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    The really interesting thing is that C++ does have a meaningful distinction between POD-types and non-POD-types (Plain Ordinary Data) which affects the semantics of the type quite a lot. But either “struct” or “class” can be used for POD or non-POD. It would have made sense to use struct for POD and class for non-POD but that’s not what the committee chose to do. Instead, you just have to memorize the rules for what makes a POD (it isn’t always immediately obvious, since a single non-POD member variable makes a whole class non-POD).

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      The D language did make a distinction there: struct is more POD (but not exactly because of RAII and similar, but it is value copied on assignment, has no vtable and so on) and class is more Java-style automatic references, virtual methods, etc. People coming from C++ regularly complain about this… it seems they love having both keywords be aliases to each other.

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        The way C# did it was struct is a value type and class is a reference type; both can have functions et al (and prob a vtable as a result), but they do mean something different semantically.

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          Given that there’s a meaningful distinction between POD and non-POD types, it seems to me that it’s good style to use class for non-POD structures. To me, using struct for these is just a way of showing off one’s mastery of C++ arcana, and IMO that kind of showing off has no place in professional programming.

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          TIL in C++, enum class is the same thing as enum struct. Source: https://en.cppreference.com/w/cpp/language/enum

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            I suggested the tag historical. Can someone second that?

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              I’m glad the tag was added given it is a very old argument. Nonetheless, I read the article hoping that it would be something novel like repurposing the concept keyword.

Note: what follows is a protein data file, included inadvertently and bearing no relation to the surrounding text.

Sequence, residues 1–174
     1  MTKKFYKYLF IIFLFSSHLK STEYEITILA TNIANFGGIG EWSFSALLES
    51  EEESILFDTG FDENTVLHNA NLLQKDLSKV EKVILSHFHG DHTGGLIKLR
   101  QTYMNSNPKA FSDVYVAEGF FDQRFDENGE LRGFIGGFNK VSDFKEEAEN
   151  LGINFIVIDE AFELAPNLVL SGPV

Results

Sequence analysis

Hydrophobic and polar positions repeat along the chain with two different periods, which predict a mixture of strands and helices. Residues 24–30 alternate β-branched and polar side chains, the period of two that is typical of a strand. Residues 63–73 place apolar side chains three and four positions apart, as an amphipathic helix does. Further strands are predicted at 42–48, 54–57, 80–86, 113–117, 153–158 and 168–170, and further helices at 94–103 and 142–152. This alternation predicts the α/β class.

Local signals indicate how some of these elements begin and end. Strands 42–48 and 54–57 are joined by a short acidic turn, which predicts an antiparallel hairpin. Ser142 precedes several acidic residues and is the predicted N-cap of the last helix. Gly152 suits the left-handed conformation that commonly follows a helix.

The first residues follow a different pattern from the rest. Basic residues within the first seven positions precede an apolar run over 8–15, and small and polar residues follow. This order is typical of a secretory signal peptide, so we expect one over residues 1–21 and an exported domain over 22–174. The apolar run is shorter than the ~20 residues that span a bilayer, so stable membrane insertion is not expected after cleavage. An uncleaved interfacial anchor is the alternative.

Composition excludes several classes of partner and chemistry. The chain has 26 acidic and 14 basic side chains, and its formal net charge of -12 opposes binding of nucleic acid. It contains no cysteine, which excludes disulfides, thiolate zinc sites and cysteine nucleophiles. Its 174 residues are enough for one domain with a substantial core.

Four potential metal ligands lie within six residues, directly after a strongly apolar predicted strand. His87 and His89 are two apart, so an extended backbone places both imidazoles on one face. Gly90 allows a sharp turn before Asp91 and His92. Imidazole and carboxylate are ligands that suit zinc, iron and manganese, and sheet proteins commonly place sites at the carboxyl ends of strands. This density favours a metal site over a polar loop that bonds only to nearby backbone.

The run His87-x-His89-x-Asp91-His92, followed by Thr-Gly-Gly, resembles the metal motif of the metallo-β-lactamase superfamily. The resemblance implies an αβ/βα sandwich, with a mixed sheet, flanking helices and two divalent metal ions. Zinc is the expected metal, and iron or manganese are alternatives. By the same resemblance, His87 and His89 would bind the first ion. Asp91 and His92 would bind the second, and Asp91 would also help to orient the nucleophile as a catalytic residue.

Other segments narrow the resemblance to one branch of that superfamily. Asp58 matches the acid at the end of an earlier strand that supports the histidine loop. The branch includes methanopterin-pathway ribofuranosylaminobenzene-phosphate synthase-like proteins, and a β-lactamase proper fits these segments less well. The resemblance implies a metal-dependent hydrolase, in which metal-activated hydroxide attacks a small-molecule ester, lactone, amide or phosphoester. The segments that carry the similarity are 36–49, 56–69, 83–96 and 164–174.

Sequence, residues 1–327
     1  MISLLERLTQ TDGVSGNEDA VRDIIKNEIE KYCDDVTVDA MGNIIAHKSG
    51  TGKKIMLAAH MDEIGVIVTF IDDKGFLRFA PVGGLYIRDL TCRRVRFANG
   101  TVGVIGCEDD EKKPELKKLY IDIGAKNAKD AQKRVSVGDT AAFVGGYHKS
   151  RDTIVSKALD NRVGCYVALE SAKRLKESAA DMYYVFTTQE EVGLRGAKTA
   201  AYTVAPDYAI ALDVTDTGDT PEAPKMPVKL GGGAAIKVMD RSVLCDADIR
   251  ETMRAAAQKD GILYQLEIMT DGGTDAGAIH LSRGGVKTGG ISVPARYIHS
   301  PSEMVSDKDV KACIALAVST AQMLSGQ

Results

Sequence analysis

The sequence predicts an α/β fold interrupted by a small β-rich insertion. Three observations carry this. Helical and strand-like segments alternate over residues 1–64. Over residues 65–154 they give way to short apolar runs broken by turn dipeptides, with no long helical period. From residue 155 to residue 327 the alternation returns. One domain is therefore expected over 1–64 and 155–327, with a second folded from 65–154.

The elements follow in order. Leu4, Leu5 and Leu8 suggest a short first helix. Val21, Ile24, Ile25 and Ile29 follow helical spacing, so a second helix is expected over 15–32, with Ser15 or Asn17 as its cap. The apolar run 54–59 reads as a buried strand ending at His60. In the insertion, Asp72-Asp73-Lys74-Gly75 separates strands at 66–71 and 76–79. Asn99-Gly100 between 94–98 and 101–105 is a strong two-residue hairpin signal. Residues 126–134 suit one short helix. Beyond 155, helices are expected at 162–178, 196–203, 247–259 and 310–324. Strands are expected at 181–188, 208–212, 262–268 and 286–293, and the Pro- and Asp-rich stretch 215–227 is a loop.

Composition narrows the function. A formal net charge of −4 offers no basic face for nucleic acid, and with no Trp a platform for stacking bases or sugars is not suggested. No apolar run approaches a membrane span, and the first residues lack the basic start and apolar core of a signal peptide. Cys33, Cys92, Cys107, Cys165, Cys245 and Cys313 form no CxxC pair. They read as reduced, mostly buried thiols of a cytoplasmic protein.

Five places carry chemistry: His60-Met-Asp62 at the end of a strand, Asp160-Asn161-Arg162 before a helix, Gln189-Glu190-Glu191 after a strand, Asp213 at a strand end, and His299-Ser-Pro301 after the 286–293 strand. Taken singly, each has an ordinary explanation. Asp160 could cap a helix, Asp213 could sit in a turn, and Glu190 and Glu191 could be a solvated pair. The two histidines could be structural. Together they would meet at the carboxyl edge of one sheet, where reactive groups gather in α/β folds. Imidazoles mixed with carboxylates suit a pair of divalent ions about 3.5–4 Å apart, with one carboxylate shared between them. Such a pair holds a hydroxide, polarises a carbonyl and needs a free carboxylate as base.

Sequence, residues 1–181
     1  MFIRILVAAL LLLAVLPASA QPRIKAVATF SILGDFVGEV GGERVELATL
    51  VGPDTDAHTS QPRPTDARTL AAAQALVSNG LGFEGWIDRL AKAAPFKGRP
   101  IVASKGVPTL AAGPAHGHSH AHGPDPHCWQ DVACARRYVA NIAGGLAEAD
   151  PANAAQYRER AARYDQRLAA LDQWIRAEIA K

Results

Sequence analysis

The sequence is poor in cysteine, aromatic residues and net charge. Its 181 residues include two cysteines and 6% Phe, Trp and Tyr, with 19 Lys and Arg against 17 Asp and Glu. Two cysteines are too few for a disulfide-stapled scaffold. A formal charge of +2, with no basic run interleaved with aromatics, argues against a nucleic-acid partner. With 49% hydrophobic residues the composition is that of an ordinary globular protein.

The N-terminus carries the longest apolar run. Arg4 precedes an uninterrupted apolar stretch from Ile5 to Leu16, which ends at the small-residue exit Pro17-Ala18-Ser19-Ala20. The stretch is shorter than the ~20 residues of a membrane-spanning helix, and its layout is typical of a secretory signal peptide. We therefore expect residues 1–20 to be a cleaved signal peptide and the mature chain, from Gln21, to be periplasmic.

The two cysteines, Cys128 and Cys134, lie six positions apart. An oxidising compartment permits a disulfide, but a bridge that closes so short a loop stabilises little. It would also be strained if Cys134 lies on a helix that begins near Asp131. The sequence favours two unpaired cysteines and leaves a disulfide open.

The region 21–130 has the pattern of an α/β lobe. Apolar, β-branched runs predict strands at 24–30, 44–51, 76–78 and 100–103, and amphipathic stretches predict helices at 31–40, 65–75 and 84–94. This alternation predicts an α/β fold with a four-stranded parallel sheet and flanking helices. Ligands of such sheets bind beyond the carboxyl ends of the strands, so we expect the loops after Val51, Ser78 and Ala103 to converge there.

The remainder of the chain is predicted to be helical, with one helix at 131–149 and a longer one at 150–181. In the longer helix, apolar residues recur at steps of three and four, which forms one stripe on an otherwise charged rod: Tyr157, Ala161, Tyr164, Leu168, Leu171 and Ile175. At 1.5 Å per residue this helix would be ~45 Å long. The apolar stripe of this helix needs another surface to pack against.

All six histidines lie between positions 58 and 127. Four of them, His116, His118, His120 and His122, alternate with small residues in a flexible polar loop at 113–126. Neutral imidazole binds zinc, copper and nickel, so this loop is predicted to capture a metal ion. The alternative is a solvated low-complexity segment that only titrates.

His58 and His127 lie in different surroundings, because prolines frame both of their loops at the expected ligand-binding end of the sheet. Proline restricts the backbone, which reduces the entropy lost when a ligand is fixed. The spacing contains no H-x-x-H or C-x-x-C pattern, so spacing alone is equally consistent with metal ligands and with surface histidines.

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              That’s just the tip of the iceberg: C++ style OOP in its current form should not exist. It should be like Go/Rust.

              • Private non-virtual functions are flawed: They have no business being in the same header, yet C++ artificially enforces declaring them in the class. It is silly that you need the pimpl idiom to work around that.
              • Private data is flawed: As soon as you have private state in a class, its member functions become untestable: In order for a function to be unittestable, the test must have full access to its input and its output, and state is both input and output.
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                You can easily solve point two with #define class struct and #define private public.

                Warning: this medication may cause side effects.

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                Since struct and class are so similar, I choose to consider class to be the keyword in excess, simply because struct exists in C and not class, and that it is the process of the keyword class that brought them both so close.

                This is an interesting perspective on the history. I would consider struct to be the keyword worth removing, since that would change the default access qualifiers to be safer.

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                  I may be misremembering but I am reasonably sure that backwards compatibility with C was one of the early design goals of C++. Removing struct would quickly break compatibility. That is, presumably, why the default access qualifier is different from class‘s (and identical to C’s struct).

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                    It’s always irked me that this C compatibility was only one-way because of support for member functions (at least).

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                    Removing struct would create a lot more C code that is not C++, and making the default “safer” doesn’t improve things since, as noted, it’s standard practice to be explicit with access qualifiers.

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                      Yeah, I don’t think that can be understated. This would destroy one of the biggest reasons C++ was successful, and one of its main advantages to this day. It would even make most C headers not C++ compatible, which would be an absolute catastrophe. Even if the committee did something so egregious, no compiler could or would ever implement it (beyond perhaps a performative warning).

                      I think the real mistake is that the keywords are redundant at all. We’ve ended up with this near-universal convention that struct is for bags of data (ideally POD or at least POD-ish) because that’s a genuinely useful and important distinction. Since C++ somehow ended up with the useless “class except public by default” definition, we all simply pretend that it has a useful (if slightly fuzzy) one.

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                        Because of its incremental design and the desire to make classes seem like builtin types, C++ has a Moiré pattern-like feel. A lot of constructs that are exceedingly close, yet different.